Much like Volker suggests a potential return address you might be looking for a the subroutine running into this being called with r argumens (R25) and those arguments being: R16 = 0000000000011398 R17 = 0000000000010710

If you can run the immage /debug, then maye you can find a 'piece of string' or a string descriptor at those addresses to help you understand where to start looking.

If you can not run/debug nor set process/dum then maybe, you can run the image and make it stall (no providing input or set proce/suspend) and use ANAL/SYSTEM to look into it.

It is probaly more fruitful to understand how you got here. Did it ever work? What changed? How long does it run... just string up? If it just starts, then I have often been 'lucky' debugging unknown code by using SET WATCH FILE/CLA=MAJOR. That may indicate how far the the program gets and may even show a file-not-found which was not reported.

The final tool to go for is $SET PROC /SSLOG
The SYSTEM SERVICE LOGGER. Tedious but powerful! Needs a recent OpenVMS.
What version?

Honored Contributor

Re: Image crashing with Access Violation

There are various ways to track these problems, and you've gotten some reasonable pointers so far, and these are all good for targeting this specific case.

A more general and alternate solution involves fitting the pieces together to make debugging easier; to integrate debugging, and to then use this debugging support and the OpenVMS debugger to more quickly isolate these cases. The integrated debugging could be as simple as print statements, the process dump option as mentioned elsewhere, or could involve dynamic activation of the debugger, or could involve more involved application-specific logging techniques and tools. But (if an application has a history of being unstable) integrating support for debugging can far more quickly stabilize the code than most any other approach. I've done whole presentations and training on this topic.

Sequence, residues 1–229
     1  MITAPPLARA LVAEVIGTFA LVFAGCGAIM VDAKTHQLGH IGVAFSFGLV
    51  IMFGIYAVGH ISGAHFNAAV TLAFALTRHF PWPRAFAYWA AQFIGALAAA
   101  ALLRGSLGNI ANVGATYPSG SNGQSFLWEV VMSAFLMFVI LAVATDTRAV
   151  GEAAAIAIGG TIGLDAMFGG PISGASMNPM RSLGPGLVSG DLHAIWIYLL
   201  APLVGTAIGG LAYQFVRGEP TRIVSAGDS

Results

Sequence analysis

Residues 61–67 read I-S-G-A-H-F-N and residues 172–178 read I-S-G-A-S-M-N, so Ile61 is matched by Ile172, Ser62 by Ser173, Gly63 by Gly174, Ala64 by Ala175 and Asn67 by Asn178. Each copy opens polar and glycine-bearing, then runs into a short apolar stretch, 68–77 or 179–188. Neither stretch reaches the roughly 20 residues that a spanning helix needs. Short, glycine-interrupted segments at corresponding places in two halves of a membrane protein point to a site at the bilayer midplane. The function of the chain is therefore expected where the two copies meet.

I'd suggest reading the debugger manual. The debugger is one of the most valuable tools in your arsenal here, and it remains among the best available on any platform; if you're programming on OpenVMS, knowing how to effectively use this tool is invaluable.

I'd then suggest looking at every I/O and every system service, and confirming that these synchronize correctly with EFN and IOSB, and that every one of these calls verifies both the return status and the IOSB status.

Given what I see in that crash, something overwrote a variable (probably a buffer) on the stack with zeros. That's probably a character buffer that was overrun, or could be a late-arriving I/O; a read that completed after the stack frame went out of scope.

Here's a general write-up of diagnosing an ACCVIO crash:

Memory management debug and program synchronization discussions:
Not applicable

Re: Image crashing with Access Violation

Hi All,

Thanks a lot to everyone for your valuable time and thoughts.

Problem got resolved when I examine VA=327A4, incorrect function was being called over there.
It could have come as a warning while compiling but I ignored it.